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San Francisco Evictions: New Changes Impact Landlords and Tenants
California’s AB 2179 and an amendment to the San Francisco Rent Ordinance means new changes for San Francisco evictions. While the California state rent relief program is now closed for new applications, some California tenants will have a few more months of protection from eviction. However, others may face eviction even if they’re still waiting on rental assistance funds.
AB 2179 Extends Statewide Eviction Moratorium for Unpaid Back Rent
The California legislature passed AB 2179, which extended the eviction moratorium for certain periods of unpaid back rent. The moratorium will now run through the end of June 2022. This is to allow additional time for state funds to be dispersed to all eligible applicants.
Who Can Be Evicted for Nonpayment of Rent?
It’s important to remember that AB 2179 does not protect all tenants from eviction. To qualify for protection, a tenant must have applied for rental assistance by March 31, 2022, when the state rent relief program closed. But, effective April 1, 2022, landlords can now evict any tenant who does not pay rent going forward, whether it’s due to Covid-19 or not, unless subject to a local eviction moratorium.
What If a Tenant Is Still Waiting For State Rental Assistance Funds?
Although state rental assistance will help tenants catch up on back rent, tenants must now pay all future rental payments. They must pay their current monthly rent even if they are still waiting on the rental assistance funds from the state. As of April 1, 2022 and going forward, tenants who do not pay their current rent may be subject to eviction for nonpayment of rent.
Can Landlords and Tenants Still Apply for State Rental Assistance?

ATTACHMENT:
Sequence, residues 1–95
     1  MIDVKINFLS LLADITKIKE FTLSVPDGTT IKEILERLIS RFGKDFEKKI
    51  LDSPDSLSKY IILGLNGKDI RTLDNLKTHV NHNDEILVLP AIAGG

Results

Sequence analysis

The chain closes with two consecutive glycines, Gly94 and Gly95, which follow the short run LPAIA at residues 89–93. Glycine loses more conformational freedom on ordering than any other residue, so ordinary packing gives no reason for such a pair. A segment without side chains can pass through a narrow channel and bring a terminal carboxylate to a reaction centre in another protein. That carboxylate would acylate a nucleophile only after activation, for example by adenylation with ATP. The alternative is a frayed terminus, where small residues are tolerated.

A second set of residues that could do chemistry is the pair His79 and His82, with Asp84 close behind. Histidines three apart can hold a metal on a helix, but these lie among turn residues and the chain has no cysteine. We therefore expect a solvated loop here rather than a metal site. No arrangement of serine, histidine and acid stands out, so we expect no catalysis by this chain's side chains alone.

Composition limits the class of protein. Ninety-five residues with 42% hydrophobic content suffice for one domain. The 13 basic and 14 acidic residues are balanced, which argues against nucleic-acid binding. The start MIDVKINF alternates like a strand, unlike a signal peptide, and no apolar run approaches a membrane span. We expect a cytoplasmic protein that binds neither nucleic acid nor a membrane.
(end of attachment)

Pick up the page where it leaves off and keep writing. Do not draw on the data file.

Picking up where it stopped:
No. The California rental assistance program ended on March 31, 2022.
Change to San Francisco Rent Ordinance Adds 10 Days to the 3 Day Notice to Cure Before Eviction
Landlords Must Provide 10-Day Warning Period for Tenants Facing Eviction
An amendment to the San Francisco Rent Ordinance requires landlords to give tenants more time before pursuing most types of fault-based evictions. According to the ordinance, San Francisco landlords must provide a tenant a written 10-day warning letter and a 10-day notice to cure before certain evictions. This law has been challenged, as described below.
Before serving a tenant with the state required 3-day eviction notice for certain evictions, San Francisco landlords must provide a 10-day warning period, giving the tenant an opportunity to correct the problems.
The San Francisco Rent Ordinance
The purpose of the San Francisco Rent Ordinance is to provide tenant protections through rent control and eviction control. Under the city ordinance, landlords can only raise the rent by specific percentage each year and can only evict tenants for “just-cause.” All residential units in San Francisco fall under the just-cause eviction protections of the San Francisco Rent Ordinance. Regardless of the number of units, or the age of the building, tenants cannot be evicted from their rental unit unless the landlord has a just-cause reason.
Reasons for Just Cause Evictions
The San Francisco Rent Ordinance Section 37.9 (A) lists specific situations where a landlord may have just cause to evict a tenant. In San Francisco, a tenant could be evicted for certain violations where the tenant is at fault, or through no fault of their own.
When Does A Tenant’s Violation Become a “Just Cause”?
The law did not state how long a violation must continue before it becomes a “just cause” for eviction. Does a tenant’s conduct create an immediate “just cause”? If the tenant makes an honest mistake, or has the ability to correct the problem, should there be an alternative to eviction?